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A Week on the Estate: Pea Harvest, Enrichment Hour & Silky Rosegill

With the harvest well underway, we experienced another decisive change in the weather this week, with plenty of rain, a welcome 10C drop in temperature and the first intimations of autumn.

Harvest-time can mean long working days. The pea harvest got underway, with the first load coming off the field at 8.30pm on Tuesday. The viners worked through the night to finish the field then moved on to their next batch.

Closer to home, Jacqui Rhodes washed, blanched and froze a more modest crop of peas from the Walled Garden, leaving a few for tea. Having given us a fine yield this summer, the garden’s cherry trees were given a trim in preparation for winter.

Elsewhere on the estate, Steve and the team from Ketsby Sawmill benefitted from cooler weather as they installed traditional Lincolnshire fencing at Sheepdip Paddock.  A repaired section of metal fencing received a smart coat of black paint thanks to Melton’s.

Another couple of good jobs were tackled by the Saturday Club. Numerous old and broken ceramic drainage pipes were cleared away and stacked neatly on pallets for disposal. The Club also helped the estate to get ready for autumn by trimming the new shoots on Lime Tree Avenue.

Between tasks, the Saturday Club enjoyed a wonderful enrichment hour thanks to Margot Chilton of Alford Wildlife Trust. They got up-close and personal with bugs, caterpillars, spiders, snails, woodlice, plants and a feather using bug boxes and eye lenses. They had fun and learned plenty about the wonderful world we live in.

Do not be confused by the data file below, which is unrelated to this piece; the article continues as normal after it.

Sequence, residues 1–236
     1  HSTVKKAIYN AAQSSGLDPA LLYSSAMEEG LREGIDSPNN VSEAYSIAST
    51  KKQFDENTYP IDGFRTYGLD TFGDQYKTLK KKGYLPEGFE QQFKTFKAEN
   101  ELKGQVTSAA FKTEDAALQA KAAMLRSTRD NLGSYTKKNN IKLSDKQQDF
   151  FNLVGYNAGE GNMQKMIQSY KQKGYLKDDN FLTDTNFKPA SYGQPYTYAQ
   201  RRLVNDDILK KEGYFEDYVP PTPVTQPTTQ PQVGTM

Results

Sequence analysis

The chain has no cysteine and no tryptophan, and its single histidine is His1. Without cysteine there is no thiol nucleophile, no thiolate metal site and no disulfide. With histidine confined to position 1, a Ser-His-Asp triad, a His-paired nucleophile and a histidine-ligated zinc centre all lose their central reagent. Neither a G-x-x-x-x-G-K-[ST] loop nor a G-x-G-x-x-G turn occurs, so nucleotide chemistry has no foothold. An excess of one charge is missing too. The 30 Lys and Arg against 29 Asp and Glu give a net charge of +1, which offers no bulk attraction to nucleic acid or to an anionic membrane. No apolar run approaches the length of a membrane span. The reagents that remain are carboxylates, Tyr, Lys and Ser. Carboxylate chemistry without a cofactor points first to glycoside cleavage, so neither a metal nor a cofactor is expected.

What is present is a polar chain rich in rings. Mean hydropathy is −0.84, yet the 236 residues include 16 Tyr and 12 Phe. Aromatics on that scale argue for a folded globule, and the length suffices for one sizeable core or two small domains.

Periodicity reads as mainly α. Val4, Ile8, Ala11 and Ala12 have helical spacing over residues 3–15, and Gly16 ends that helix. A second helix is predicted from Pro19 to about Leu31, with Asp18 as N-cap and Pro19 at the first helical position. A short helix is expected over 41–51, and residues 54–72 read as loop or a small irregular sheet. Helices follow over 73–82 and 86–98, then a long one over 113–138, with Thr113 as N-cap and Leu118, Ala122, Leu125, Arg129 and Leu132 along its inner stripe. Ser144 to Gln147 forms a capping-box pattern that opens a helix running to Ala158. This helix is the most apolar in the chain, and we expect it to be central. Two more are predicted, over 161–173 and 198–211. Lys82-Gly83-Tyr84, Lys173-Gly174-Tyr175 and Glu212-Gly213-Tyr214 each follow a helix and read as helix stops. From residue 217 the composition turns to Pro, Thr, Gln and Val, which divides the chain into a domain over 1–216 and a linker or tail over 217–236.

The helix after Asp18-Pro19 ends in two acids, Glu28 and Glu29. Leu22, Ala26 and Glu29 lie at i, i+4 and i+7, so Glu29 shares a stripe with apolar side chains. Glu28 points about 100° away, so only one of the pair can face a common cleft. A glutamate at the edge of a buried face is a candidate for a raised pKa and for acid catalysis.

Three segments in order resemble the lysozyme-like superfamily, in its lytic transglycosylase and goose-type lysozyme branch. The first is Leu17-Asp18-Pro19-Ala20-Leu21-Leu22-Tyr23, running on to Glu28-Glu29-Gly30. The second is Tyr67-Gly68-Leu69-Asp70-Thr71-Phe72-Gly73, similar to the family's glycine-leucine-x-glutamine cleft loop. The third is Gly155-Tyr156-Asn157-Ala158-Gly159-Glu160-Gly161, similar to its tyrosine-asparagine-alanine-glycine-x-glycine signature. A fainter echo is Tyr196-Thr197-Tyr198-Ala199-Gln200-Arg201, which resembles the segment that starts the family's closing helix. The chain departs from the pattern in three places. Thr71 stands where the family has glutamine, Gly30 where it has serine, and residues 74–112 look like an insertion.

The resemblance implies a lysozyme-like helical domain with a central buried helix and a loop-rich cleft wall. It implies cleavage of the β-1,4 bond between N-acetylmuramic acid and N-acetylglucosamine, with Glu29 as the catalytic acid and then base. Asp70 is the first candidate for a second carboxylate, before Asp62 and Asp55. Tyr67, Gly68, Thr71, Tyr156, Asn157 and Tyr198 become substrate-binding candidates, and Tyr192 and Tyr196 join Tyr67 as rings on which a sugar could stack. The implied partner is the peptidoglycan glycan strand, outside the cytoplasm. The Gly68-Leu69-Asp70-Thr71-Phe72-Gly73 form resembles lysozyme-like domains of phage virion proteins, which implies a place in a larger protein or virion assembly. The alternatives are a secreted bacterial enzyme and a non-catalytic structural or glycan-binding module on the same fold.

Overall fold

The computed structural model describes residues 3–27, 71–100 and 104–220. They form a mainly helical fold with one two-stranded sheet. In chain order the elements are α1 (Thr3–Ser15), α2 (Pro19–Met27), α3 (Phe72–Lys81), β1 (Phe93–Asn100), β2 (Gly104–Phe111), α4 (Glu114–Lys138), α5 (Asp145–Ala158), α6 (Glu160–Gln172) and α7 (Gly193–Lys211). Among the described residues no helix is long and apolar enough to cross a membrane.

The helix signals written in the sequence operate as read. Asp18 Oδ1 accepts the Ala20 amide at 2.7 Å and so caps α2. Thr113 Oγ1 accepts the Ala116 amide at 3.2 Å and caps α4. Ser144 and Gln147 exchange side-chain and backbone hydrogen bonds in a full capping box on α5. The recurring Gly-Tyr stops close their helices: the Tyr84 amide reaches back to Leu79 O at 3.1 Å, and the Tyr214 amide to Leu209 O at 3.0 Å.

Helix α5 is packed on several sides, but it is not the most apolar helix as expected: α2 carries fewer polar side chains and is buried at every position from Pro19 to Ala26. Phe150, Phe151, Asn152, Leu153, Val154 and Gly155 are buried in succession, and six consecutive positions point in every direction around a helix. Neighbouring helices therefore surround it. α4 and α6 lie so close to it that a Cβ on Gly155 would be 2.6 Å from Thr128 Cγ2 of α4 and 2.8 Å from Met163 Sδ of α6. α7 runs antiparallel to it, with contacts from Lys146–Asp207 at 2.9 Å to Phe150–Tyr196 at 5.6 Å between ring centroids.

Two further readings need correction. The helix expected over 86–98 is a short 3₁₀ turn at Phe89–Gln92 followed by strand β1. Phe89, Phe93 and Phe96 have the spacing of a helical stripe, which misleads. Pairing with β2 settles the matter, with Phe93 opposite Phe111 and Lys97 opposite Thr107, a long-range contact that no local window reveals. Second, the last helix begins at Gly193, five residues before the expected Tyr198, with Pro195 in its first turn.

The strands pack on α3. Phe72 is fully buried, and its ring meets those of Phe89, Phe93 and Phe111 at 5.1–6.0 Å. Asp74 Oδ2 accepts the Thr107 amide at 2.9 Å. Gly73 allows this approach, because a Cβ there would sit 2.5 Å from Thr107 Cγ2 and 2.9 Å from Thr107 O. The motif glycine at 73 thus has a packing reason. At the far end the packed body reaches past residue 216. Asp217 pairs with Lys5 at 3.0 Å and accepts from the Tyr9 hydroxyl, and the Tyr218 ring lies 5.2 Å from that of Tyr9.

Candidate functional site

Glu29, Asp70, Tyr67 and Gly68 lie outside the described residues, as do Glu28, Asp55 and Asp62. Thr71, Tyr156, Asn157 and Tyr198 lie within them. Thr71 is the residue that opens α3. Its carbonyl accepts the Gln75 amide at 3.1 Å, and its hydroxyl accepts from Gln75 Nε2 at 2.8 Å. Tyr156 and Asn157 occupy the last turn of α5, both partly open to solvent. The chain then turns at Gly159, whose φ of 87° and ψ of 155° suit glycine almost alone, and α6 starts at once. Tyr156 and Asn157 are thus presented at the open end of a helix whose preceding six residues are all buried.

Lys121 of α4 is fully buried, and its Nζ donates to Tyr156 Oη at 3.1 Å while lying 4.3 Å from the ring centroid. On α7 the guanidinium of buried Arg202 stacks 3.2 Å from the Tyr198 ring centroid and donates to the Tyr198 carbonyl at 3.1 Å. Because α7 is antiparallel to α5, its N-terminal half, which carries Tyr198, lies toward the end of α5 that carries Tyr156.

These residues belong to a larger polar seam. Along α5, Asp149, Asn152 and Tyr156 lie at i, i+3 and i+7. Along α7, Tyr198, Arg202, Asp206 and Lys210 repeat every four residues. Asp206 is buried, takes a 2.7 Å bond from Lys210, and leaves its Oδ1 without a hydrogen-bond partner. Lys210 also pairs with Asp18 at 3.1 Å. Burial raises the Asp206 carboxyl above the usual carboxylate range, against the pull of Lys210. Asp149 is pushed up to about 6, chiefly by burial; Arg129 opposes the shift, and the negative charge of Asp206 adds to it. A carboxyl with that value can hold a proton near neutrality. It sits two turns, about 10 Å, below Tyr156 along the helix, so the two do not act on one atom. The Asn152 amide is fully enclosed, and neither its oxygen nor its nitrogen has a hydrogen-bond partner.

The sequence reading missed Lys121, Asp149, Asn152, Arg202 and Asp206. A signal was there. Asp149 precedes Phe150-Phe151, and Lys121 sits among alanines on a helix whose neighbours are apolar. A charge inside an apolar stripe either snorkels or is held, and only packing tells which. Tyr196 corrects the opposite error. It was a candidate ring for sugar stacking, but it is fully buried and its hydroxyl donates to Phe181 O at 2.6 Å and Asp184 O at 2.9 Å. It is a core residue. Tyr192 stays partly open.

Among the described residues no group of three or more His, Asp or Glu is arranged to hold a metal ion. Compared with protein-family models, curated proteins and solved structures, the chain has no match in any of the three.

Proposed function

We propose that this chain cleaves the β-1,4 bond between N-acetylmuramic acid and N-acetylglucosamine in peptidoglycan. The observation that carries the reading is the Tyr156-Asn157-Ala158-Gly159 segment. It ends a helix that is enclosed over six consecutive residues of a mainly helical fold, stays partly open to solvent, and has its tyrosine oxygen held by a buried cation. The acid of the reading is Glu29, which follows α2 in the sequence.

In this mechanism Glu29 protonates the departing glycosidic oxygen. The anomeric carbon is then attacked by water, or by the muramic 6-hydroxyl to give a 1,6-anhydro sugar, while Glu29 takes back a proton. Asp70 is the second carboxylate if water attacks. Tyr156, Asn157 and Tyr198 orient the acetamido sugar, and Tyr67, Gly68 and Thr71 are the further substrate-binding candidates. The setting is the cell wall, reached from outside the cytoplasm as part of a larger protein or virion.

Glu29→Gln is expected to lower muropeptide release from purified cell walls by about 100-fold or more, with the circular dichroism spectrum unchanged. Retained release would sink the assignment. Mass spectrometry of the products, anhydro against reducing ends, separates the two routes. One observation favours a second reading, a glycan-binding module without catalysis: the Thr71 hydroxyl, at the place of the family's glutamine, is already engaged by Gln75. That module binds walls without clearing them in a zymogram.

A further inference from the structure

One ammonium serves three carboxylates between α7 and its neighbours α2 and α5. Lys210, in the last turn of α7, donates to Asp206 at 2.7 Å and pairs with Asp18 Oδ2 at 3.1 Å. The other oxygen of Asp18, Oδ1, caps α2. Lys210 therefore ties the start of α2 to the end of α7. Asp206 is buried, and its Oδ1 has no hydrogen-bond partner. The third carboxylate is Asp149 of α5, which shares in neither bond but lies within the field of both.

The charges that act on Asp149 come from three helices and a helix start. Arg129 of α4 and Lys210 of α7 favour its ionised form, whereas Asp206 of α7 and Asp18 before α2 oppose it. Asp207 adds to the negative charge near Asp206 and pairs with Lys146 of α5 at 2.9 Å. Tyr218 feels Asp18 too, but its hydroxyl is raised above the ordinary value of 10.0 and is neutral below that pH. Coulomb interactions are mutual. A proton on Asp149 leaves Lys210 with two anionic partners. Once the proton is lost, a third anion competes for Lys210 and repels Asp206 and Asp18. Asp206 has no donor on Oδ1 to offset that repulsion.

We’re grateful to Sam Shores, one of our Facebook followers, for identifying the large and beautiful fungi sported by one our old horse chestnut trees. They appear to belong to the species Volvariella bombycine, variously known as silky rosegill, silky sheath or tree mushroom.

Globally widespread but seldom seen, this fungus plants its fruiting bodies in knotholes or scars on the trunks of trees, generally favouring maples and elms. Noted for its large caps and the silken texture caused by its fine hairs, the silky rosegill is thought to have useful antibacterial properties as well as being good to eat – although nobody should contemplate eating wild mushrooms without real expertise. This ornate fungal visitor is a positive sign of improving biodiversity on the estate.